Begum Akhtar: A courtesan, a devotee of Lord Krishna, Mallika-e-Ghazal and an enigma

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There haven’t been many like Begum Akhtar, and history has not been very kind to those who have succeeded. Often, the details of their life, their personal and professional difficulties go unmentioned. But sooner or later someone writes or talks about them in all their richness, and we can bask in their reflected glory.

Begum Akhtar’s life can be divided into two phases – one when she was known as Akhtari Bai and the second when she assumed the now famous name Begum Akhtar. Before her marriage to lawyer Ishtiaq Ahmed Abbasi, Akhtari Bai, though famous, faced many obstacles despite her unique and stunning voice which complimented her beauty. She, like many other courtesans of the time, encountered censorship and hid her true identity, as a performer for a marginalized group in society. Born to Mushtari, who was also a courtesan, in present-day Uttar Pradesh, Akhtari Bai had a keen ear for music and is said to have given her first public performance at the age of 15. India Film Company to star in a film called Ek Din Ka Badshah, and then starred in about 8-9 films in the 1930s-40s, including Mehboob Khan’s Roti, for which she composed and sang all six songs herself.

Akhtari also worked with All India Radio, and as she grew older her voice became deeper, containing all the pain and beauty of the world as she saw it. Her charming ghazals (she is said to have 400 songs to her credit) were mostly composed and sung by her. From “Diwana Banana Hai” to “Mere Humnafas”, Begum Akhtar has often sung about love, trouble and its enchantment. In “Mere Humnafas” she says at one point:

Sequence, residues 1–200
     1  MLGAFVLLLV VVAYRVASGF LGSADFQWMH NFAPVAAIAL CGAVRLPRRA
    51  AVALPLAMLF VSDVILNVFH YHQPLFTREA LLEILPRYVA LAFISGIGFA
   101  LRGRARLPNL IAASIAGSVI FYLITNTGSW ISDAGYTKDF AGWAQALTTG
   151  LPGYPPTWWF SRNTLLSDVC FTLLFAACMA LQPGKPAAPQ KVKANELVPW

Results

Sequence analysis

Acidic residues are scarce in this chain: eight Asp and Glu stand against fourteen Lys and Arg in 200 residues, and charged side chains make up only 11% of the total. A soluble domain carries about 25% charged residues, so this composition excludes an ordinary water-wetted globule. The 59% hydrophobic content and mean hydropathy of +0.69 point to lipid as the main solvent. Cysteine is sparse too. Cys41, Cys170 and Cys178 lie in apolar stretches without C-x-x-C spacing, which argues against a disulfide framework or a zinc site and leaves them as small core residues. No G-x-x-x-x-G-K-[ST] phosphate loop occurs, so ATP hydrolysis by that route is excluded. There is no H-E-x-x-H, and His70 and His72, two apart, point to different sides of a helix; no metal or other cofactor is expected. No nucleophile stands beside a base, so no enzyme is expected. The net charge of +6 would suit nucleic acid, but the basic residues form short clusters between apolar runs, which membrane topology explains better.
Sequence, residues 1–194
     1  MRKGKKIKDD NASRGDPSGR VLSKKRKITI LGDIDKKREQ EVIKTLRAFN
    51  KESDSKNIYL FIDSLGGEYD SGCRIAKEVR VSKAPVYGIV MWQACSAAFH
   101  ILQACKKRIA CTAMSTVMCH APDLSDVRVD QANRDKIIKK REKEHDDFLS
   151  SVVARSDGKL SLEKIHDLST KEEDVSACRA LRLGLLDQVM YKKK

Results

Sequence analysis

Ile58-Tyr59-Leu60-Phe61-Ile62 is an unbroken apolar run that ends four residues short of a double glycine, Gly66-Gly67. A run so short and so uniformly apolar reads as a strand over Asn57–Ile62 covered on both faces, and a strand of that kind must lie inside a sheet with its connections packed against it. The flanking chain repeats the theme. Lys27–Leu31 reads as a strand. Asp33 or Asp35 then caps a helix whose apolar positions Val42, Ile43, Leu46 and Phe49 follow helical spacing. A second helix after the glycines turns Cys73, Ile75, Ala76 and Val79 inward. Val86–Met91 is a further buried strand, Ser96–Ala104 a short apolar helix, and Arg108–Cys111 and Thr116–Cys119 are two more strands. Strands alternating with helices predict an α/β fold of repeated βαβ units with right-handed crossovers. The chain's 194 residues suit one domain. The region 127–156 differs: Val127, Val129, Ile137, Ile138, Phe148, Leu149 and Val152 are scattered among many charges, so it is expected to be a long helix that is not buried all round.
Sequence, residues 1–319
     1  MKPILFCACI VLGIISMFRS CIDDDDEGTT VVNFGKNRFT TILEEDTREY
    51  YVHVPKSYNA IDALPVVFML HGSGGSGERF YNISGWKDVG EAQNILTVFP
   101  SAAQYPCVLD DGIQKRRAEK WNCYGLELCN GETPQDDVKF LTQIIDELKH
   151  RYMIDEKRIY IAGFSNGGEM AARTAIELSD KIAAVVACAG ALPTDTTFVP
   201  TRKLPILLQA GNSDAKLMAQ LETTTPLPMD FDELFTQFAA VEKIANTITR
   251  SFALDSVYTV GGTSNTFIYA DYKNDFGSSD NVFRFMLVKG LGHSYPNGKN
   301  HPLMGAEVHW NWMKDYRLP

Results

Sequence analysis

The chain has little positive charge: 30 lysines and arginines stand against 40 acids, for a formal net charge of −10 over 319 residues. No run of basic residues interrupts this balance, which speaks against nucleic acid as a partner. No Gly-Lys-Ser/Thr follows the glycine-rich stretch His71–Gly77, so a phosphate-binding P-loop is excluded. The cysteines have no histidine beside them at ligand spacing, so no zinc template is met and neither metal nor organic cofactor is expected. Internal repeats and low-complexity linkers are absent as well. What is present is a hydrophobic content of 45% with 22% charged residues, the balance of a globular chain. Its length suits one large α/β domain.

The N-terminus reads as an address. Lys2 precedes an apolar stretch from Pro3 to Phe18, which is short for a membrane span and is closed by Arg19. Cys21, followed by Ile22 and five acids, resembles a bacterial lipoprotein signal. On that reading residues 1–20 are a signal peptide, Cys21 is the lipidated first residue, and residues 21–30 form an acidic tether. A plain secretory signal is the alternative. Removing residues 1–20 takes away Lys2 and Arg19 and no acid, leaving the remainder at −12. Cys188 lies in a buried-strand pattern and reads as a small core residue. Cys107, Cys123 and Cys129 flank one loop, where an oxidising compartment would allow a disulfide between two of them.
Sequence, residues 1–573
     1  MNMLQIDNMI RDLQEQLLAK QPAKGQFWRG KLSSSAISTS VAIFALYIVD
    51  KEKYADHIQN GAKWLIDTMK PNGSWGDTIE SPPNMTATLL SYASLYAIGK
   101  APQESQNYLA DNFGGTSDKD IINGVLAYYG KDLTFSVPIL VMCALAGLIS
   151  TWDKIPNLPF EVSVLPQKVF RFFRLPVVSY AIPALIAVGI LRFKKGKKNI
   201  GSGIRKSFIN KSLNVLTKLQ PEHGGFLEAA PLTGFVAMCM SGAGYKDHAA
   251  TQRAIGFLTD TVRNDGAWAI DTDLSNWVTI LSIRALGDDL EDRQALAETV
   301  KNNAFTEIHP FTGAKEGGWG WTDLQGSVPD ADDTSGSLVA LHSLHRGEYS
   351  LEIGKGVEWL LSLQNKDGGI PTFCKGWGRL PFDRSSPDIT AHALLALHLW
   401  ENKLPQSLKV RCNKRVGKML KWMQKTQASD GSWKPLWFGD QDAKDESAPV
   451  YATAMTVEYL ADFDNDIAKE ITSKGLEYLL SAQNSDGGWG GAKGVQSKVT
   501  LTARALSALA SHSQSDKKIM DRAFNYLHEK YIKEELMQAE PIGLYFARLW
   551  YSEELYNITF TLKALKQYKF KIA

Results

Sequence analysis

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Simple Humnafas
Mother Humnawa
Mujhe dost ban ke
Dagha na de

Mujhe dar hai is a simple charagar
Ye chiraagh tu hee bujhaa na de

“My sweet friend, my dear companion, do not betray me after becoming my friend. I fear that you, my scout and my healer, you alone will one day extinguish the light of our bond. In all but four lines, Begum Akhtar succinctly conveys all that needs to be said about the relationship, its anxieties, and its anticipations.

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Over the years, Begum Akhtar began to perform in larger venues, entertaining huge crowds with her skill and grace. According to Akhtar’s disciple, Rita Ganguly, Begum Akhtar smoked and drank. “She quit drinking for two years after returning from Haj, but started again,” Rita told the Telegraph in an earlier interview. Loving ‘simple arhar dal’ and devotee of Lord Krishna, Akhtar led a life of solitude, Ganguly revealed. Born in pre-independent India in 1914, Akhtar died in 1974, nearly three decades after India’s independence. As a woman who lived her young life under British rule and away from its shackles in her final years as an adult, Begum’s personality and what we know of her captures the nuances of being an Indian woman. – a woman who worked hard for the success she deserved. But Begum also represents this Desi woman of today who, despite her talent and gifts, often has to bow to several pressures from society, one of which is to get married. In her case, it was apparently to hide her origins in order to get more work, and in modern Indian households, because ‘kya kahenge diary.’

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